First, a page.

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Freesat’s Freetime catch-up and apps are a hit with subscription-free viewers

Freesat continues to grow thanks largely to Freetime, the connected service that lets you easily catch up on missed shows through the programme guide. 

While Freesat’s customer base hasn’t grown as dramatically as others – after six years of being on the market, Freesat still has less than 2 million customers – more customers are choosing to upgrade to Freetime. 

Sales of Freetime boxes like the Humax HDR-1000S, which comes in 500GB, 1TB and 2TB editions – and the driveless HB 1000Smore than doubled in the last 12 months. Freetime boxes now account for 41 per cent of all new Freesat sales. 

Freesat’s Freetime catch-up and apps are a hit with subscription-free viewers
Growing slowly: Freesat continues to play catch-up in the battle for subscribers

The Freesat iOS app has now also been downloaded more than 200,000 times, up by 70,000 from three months ago. The app lets you watch catch-up TV on your iPhone and iPad as well as manage recordings on your Freetime box when you’re out and about – check out our hands on video below.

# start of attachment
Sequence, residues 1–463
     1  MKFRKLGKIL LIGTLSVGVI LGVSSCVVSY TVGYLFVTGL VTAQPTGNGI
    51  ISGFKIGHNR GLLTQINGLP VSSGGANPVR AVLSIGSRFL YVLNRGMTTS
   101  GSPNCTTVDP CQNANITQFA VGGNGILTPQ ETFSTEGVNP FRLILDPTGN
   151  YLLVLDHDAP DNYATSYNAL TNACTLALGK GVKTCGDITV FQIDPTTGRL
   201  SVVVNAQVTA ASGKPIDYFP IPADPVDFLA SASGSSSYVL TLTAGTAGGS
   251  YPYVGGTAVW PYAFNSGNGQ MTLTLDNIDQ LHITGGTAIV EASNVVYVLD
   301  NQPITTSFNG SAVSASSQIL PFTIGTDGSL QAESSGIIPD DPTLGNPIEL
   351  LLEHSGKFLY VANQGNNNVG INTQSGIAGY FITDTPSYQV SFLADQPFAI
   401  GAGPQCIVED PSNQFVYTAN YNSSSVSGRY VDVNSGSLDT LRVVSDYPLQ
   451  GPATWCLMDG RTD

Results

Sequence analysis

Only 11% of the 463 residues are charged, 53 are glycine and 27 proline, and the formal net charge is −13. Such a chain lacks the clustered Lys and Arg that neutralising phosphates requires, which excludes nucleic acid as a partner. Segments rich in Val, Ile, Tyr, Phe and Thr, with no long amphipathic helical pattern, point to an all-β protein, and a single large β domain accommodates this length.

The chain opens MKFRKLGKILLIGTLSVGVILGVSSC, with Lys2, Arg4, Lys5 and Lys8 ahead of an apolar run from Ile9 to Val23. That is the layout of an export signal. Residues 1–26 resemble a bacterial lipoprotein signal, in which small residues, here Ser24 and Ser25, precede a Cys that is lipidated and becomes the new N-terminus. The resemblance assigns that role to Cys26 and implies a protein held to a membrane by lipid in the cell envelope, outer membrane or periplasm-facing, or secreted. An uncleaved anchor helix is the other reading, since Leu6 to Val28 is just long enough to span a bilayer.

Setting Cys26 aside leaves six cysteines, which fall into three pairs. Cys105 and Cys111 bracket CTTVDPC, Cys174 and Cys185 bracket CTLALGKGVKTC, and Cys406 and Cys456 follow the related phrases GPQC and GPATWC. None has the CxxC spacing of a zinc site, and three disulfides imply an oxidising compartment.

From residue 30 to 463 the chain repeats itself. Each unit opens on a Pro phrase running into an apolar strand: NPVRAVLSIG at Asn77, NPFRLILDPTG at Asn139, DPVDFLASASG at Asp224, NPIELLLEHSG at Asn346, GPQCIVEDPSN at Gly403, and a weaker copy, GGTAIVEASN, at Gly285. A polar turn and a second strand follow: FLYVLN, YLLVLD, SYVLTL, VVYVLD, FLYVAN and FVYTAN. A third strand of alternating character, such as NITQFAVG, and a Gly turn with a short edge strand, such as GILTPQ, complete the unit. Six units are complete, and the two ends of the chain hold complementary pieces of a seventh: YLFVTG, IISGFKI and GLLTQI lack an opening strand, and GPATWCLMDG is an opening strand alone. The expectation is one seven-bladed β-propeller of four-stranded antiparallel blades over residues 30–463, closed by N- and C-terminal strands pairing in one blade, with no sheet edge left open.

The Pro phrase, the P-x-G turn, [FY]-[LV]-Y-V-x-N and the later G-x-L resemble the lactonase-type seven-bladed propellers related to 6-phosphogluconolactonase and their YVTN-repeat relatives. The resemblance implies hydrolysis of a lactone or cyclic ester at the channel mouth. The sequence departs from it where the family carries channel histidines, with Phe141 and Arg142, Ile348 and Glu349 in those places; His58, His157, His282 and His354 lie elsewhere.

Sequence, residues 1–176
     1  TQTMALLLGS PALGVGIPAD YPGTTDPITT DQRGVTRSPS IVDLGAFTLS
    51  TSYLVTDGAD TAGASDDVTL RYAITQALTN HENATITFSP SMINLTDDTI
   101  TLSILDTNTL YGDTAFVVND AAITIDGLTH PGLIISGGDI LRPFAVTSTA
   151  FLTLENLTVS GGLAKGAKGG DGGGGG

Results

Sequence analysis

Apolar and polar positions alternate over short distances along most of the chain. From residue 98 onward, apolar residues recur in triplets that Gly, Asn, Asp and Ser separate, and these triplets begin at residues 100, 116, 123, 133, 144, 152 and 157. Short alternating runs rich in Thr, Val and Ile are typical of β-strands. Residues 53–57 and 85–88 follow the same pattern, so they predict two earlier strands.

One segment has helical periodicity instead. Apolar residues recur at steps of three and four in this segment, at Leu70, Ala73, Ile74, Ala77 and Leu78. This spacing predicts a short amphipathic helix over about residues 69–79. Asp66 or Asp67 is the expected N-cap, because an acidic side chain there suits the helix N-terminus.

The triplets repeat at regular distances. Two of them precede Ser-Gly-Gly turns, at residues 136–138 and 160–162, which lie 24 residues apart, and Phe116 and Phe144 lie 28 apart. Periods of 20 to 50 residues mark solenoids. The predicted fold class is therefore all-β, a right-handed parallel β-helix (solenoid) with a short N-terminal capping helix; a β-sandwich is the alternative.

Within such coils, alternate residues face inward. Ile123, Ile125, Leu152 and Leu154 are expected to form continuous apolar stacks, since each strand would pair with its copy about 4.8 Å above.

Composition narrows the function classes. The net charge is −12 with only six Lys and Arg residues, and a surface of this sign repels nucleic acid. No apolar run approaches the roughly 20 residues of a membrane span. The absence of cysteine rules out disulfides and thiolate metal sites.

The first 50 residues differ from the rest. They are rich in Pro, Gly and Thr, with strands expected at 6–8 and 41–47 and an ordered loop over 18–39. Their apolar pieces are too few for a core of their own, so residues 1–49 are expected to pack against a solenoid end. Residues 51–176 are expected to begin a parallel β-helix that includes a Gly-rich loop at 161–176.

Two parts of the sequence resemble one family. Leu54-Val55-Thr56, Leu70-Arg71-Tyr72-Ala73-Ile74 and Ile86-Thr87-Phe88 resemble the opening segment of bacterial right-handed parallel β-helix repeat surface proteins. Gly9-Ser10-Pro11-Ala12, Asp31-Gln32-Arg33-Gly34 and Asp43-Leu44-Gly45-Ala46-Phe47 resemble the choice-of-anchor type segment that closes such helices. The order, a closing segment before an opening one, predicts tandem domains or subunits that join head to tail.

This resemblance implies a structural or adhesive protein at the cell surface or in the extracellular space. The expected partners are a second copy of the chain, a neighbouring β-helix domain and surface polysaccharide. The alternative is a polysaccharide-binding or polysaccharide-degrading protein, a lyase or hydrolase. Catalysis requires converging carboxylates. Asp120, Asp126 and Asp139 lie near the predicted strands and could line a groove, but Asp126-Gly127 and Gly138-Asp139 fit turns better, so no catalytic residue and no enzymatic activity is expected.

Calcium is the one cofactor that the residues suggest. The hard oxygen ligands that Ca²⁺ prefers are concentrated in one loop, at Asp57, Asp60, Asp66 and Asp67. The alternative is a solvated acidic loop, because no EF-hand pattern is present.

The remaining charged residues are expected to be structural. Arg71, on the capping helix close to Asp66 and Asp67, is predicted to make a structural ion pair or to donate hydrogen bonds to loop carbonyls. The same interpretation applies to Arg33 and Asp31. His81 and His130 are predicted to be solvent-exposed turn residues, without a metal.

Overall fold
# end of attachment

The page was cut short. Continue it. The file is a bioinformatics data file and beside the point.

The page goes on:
Emma Scott, Freesat’s Managing Director, commented: “I’m delighted that Freesat’s strong 2013 momentum has continued into the first quarter of 2014. Free TV has never been so vibrant or compelling. TV fans are switching on to our Freetime service and switching away from pay TV and the expensive contracts that go with it.” 

The UK’s subscription-free digital satellite TV platform added 18,000 new customers in the last three months, making Freesat is now available in 1.84 million households across the UK. 

This sees it remain in fourth place overall way behind Virgin Media, and not much above BT TV. 

Freesat’s Freetime catch-up and apps are a hit with subscription-free viewers

By contrast, digital terrestrial and catch-up hybrid service YouView, which launched nearly two years, is available in over 1 million UK homes. 

The majority of those YouView sign-ups have been driven by TalkTalk, which is heavily pushing its YouView-based TalkTalk TV service. BT also has a stake in YouView and earlier this year launched its latest YouView-based box, while it continues to run the older BT Vision platform – although support for the first generation silver Vision boxes is soon to cease

While Freesat doesn’t enjoy the support of two of the UK’s leading ISPs, its signed partnerships with Panasonic and Vestel, which will see smart TV sets with the Freetime service built in hit the shelves. 

Panasonic’s AX802 4K Ultra HD range, which starts at £2,099, is the first of many TVs to come with Freetime as standard. Vestel makes white label goods for high street names like Sainsbury’s, Asda and Tesco, so expect to see Freetime TVs and set-top boxes on the shelves when you’re doing the weekly food shop. 


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